“(O)pen attacks on the Israeli left have now assumed a far more sinister and ruthless character; some of them are being played out in the interrogation rooms of Israeli prisons,” writes Shulman. “Politically driven harassment, including violent and illegal arrest, interrogation, denial of legal support, virulent incitement, smear campaigns, even death threats issued by proxy …”

This “everyday state terror,” as Shulman characterizes it, used to be reserved exclusively for Palestinians, but now is being wielded against Israelis opposed to the torment being inflicted upon the residents of the Occupied Territories.

“The witch-hunt began this time with a targeting of the ex-soldiers’ organization Breaking the Silence by a strident chorus on the right,” wrote Shulman. “There have been calls to outlaw the organization entirely.”

Netanyahu has accused Breaking the Silence of “trying to tie Israel’s hands in its attempts to defend itself.”

Breaking the Silence is an organization of veteran combatants who have served in the Israeli military since the start of the Second Intifada and have taken it upon themselves to expose the Israeli public to the reality of everyday life in the Occupied Territories. “We endeavor to stimulate public debate about the price paid for a reality in which young soldiers face a civilian population on a daily basis, and are engaged in the control of that population’s everyday life,” states the organization’s website.

A new law passed in Israel calls for all human rights organizations to report who they receive money from.

Initially, the law call for representatives of left-wing organizations that receive foreign funding “to wear identity badges whenever they entered the Knesset or other public spaces, but Netanyahu, still apparently capable of seeing the invidious analogy to the badges the Nazis forced Jews to wear in public, squashed this clause,” notes Shulman.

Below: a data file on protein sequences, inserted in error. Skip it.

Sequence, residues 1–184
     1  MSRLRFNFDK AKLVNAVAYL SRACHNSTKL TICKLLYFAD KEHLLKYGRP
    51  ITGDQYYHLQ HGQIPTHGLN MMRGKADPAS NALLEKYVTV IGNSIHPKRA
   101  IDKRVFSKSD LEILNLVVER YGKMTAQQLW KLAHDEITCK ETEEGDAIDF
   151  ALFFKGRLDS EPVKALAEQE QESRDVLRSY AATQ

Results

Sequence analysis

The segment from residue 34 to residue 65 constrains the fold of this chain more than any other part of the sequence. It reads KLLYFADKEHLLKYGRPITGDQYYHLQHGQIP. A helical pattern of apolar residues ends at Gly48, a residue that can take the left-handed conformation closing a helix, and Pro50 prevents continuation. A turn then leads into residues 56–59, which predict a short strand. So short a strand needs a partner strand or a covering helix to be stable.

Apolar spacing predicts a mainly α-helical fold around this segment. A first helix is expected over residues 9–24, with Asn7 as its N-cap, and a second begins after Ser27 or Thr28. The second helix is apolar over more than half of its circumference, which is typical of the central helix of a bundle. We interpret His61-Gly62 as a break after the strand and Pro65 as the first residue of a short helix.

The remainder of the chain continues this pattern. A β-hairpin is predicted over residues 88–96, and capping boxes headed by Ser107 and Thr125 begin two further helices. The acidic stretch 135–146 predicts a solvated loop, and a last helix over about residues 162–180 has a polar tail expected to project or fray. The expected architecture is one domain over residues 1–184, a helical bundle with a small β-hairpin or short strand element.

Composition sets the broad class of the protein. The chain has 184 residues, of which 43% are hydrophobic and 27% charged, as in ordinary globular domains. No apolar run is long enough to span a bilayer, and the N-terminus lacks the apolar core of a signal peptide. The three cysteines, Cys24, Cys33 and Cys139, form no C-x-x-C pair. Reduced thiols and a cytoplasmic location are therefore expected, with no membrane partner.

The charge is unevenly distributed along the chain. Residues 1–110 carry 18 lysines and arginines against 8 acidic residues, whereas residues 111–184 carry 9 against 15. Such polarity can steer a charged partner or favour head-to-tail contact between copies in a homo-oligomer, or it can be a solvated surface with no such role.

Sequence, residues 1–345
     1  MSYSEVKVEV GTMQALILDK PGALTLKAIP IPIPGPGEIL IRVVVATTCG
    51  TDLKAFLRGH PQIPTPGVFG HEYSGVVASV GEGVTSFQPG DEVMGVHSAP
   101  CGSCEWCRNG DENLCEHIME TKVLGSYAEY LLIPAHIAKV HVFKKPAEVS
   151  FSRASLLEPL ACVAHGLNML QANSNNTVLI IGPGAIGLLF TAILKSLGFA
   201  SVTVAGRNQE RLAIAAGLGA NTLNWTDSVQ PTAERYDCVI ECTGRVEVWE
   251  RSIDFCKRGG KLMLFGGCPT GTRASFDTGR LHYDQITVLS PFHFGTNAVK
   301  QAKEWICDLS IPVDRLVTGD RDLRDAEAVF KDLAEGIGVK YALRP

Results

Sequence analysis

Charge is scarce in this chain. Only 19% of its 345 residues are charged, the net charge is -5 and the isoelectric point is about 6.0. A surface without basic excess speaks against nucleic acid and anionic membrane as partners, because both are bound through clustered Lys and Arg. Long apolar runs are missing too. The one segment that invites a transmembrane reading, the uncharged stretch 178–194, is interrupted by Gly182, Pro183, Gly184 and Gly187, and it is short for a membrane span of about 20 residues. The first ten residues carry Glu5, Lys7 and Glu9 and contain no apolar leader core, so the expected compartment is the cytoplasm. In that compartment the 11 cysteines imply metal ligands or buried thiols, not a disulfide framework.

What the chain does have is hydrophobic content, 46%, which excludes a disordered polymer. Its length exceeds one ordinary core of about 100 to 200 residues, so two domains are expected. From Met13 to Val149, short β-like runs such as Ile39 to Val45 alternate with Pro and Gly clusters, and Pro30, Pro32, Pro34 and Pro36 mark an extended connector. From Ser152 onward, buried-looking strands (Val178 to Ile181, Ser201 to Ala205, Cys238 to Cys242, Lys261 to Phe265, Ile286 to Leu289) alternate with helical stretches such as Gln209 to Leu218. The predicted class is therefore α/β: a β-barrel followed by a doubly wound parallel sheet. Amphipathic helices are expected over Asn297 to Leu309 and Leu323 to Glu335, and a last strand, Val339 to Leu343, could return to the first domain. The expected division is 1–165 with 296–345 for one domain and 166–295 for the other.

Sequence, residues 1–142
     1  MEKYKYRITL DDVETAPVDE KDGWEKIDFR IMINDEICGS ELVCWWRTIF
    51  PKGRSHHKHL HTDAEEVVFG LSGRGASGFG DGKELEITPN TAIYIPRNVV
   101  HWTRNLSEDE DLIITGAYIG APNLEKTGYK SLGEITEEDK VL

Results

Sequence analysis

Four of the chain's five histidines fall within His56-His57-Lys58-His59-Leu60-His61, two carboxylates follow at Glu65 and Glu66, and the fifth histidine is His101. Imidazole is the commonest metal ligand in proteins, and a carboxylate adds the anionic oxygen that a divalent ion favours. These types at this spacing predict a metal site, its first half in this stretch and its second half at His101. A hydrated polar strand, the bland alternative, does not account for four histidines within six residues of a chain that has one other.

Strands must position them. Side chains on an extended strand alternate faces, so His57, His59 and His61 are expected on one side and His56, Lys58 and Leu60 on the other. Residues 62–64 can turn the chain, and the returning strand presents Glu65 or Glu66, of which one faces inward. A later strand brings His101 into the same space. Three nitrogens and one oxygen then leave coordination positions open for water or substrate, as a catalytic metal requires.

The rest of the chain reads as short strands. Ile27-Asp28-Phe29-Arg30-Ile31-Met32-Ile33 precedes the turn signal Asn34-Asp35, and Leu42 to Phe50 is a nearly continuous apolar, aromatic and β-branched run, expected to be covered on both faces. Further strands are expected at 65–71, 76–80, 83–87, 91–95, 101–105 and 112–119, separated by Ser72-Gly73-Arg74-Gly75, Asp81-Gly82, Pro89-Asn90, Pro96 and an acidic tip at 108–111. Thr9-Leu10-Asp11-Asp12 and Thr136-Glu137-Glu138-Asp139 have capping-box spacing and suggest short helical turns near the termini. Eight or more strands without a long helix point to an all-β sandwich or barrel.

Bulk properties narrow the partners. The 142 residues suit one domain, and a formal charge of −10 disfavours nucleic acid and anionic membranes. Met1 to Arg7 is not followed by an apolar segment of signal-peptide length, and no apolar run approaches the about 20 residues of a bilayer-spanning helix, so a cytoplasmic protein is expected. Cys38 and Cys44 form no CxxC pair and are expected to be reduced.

The human rights organizations have reported cases of spies in their ranks, private detectives following organizers around and the arbitrary arrests and detentions of activists. While Israelis have received some protection from the courts, Palestinian activists have literally been kidnapped and dropped off at military detention camps, writes Shulman.

“We are seeing a general assault by the government and right-wing groups on those parts of Israeli society that are still standing up for democratic values,” said Sarit Michaeli, a spokeswoman for B’Tselem. “The aim is to silence us.”

“Anyone who opposes the occupation in word or deed is now at risk. For the right, patriotism is synonymous with occupation and all that comes with it, above all the dispossession and expulsion of Palestinians and the theft of their lands,” notes Shulman.

It should really not come as a surprise that Israel’s government is cracking down on organizations and individuals who are appalled at the treatment of Palestinians in the Occupied Territories. Israel’s government has been slowly slipping toward totalitarianism for the past several decades. Any defiance of its policy toward the Occupied Territories and the expansion of settlements doesn’t fit into the right-wing’s nationalistic narrative. The voice of the Palestinians has been effectively silenced and now the right wing is doing the same to the voices of conscience within Israel who dare stand up to injustice, atrocity and violent hyperbole.




The Portland Press Herald (Maine), March 24, 2016

In just a year, Community Health Options went from being a national success story to a company on the verge of insolvency. It would be tempting to blame that change on local management, particularly the decision to give hefty pay raises to its top executives.

But if overpaying executives killed health insurance companies, there wouldn’t be any still in business.

The roller-coaster ride that Community Health Options is on says more about the politics of our nation’s health care system than it does about the company, and the remedy should come from Washington, not Maine.

Nonprofit health insurance co-ops like Community Health Options were created with federal loans to offer an alternative to for-profit insurance companies on state exchanges. The hope was that these experimental organizations would develop lower-cost treatment models and create downward pressure on prices through competition.

But many of them got off to a bad start because they could not sell enough policies to cover their costs, and many of them have already failed.

Community Health Options was not one of those companies. It enrolled customers at better than 2½ times target levels, and finished 2014 as the only co-op in the nation to end the year without a loss.